But this can be a very difficult process, even with just one transgression played out on a personal level between two people, much less on a societal level between groups or cultures or countries enmeshed in long-running conflicts. One need only look to the Middle East, and the seemingly intractable conflict between Israel and the Arab countries, to see the complicated dynamics of forgiveness writ large.
“An eye for an eye would leave the whole world blind,” goes the old saying. (It’s generally attributed to Gandhi but was actually written by his biographer in describing Gandhi’s approach to non-violence.) Both sides in the Arab-Israeli conflict have more justification than they can possibly even recall for being aggrieved and nursing fantasies of revenge. Which they proceed to do at depressingly regular intervals.
And what is it getting them? An almost perpetual state of war, fear and distrust. These are the wages of decades of righteous anger and vengeance that the players in this drama do not “leave to the Lord” but instead insist on perpetrating themselves. Perhaps the entire region still awaits its Mandela or Gandhi—one on either side and in the same era, preferably. Meanwhile, the situation remains a painful object lesson in how refusing to forgive keeps victims in an endless cycle of grief and self-justifying violence.
For our own parts, we just as clearly need to cultivate our inner Mandela and Gandhi to understand the reality that we will forever hurt and be hurt in this life. Slights both minor and severe will come our way just as surely as the sun’s rising in the morning. Taking a mature view of this means accepting that it will happen, and thus resolving to forgive and ask for forgiveness when and how it is appropriate. All without harboring unrealistic expectations or expressing abstract pieties.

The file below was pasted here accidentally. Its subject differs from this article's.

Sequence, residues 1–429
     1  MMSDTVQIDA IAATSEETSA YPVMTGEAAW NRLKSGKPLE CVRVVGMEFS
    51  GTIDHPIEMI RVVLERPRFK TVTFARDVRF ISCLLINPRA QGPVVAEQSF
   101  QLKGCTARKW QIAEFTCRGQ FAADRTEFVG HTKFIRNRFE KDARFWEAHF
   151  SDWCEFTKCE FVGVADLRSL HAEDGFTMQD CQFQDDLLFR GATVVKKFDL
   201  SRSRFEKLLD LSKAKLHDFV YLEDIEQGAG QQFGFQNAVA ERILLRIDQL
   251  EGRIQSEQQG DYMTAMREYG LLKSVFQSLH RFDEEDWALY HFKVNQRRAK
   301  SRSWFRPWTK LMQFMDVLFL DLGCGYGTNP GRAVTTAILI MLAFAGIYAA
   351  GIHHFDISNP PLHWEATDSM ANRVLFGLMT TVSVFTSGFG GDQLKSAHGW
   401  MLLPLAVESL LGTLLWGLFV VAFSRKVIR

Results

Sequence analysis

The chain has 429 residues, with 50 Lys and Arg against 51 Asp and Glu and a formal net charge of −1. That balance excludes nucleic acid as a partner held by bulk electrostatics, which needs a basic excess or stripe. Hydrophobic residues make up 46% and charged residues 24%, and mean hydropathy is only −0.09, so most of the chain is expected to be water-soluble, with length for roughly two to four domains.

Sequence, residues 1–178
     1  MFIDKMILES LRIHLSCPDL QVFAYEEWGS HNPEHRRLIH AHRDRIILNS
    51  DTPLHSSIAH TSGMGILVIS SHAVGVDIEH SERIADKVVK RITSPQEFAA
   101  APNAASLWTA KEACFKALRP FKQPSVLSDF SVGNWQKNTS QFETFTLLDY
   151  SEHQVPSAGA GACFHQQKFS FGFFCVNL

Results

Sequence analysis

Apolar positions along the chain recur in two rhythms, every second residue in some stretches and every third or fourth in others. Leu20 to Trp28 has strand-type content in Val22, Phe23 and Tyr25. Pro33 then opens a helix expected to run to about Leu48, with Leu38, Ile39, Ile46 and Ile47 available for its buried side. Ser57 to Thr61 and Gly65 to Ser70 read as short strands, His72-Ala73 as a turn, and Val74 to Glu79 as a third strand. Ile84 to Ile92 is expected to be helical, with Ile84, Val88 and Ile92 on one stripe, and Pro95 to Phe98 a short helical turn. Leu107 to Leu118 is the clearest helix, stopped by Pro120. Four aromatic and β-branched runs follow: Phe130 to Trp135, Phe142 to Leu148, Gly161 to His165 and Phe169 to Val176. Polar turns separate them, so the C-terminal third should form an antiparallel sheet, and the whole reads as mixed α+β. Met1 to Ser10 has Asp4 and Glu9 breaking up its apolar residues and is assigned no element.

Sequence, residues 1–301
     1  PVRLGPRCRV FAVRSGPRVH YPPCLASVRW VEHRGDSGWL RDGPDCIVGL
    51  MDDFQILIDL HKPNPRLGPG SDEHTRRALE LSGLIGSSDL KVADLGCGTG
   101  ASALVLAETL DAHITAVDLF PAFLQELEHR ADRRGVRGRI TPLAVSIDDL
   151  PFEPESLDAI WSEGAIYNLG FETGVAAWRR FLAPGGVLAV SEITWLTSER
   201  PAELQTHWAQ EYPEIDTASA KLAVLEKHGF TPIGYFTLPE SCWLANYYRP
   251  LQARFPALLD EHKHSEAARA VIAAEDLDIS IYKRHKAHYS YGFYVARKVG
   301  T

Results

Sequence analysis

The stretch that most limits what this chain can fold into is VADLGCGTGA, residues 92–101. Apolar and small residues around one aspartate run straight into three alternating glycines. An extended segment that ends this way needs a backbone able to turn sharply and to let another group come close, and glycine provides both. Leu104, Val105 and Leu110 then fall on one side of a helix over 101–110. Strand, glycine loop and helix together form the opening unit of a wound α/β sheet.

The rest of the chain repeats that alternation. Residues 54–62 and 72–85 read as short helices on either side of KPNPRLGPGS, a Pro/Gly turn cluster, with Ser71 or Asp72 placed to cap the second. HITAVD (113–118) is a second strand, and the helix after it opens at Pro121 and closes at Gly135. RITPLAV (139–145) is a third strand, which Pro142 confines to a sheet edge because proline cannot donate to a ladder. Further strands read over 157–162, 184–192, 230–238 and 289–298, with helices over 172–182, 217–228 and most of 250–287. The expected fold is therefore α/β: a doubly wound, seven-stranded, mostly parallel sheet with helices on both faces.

The psychologist Thomas Szasz had a cogent take on the matter in these memorable lines:
The stupid neither forgive nor forget; the naive forgive and forget; the wise forgive but do not forget.
With proper intention and reflection, forgiveness can come in its own time, when the heart is ready. When it does, it serves all parties in an ancient dynamic that plays out all over the world, every minute of the day. I’ll leave it to Shakespeare to sign us off here with these lovely lines from The Merchant of Venice:
The quality of mercy is not strained.
It droppeth as the gentle rain from heaven
Upon the place beneath. It is twice blessed:
It blesseth him that gives and him that takes.
And blessed be and amen to that, my brothers and sisters, as you go about your forgiving, forgiven, and joyful ways.
The host of talented photographers whose work graces this post include: Rotating banner photos top of page courtesy of Larry Rose, Redlands, CA, all rights reserved. Contact: email@example.com
Small daisies and sunset photos courtesy of Julie Jordan Scott of Bakersfield, CA, some rights reserved under Creative Commons licensing. See more of her work at: http://www.flickr.com/photos/juliejordanscott/
Red and white tulips photo courtesy of Erfi A. Seiawan of Jakarta, Indonesia, some rights reserved under Creative Commons licensing. See more of his work at: http://www.flickr.com/photos/postflowersyndroms/
“Temple of Forgiveness” photo is from the 2007 Burning Man Festival, courtesy of Waldemar Horwat, Sunnyvale, CA, some rights reserved under Creative Commons licensing. See more of his work at: http://www.flickr.com/photos/naturalturn/
Bamboo stalk photo courtesy of Heather Katsoulis of West Springfield, MA , some rights reserved under Creative Commons licensing. See more of her work at: http://www.flickr.com/photos/hlkljgk/
Nelson Mandela statue photo courtesy of Chris Preen of Cape Town, South Africa, some rights reserved under Creative Commons licensing. See more of his work at: http://www.flickr.com/photos/framesofmind/
Finally, Elvis did gospel, oh yes…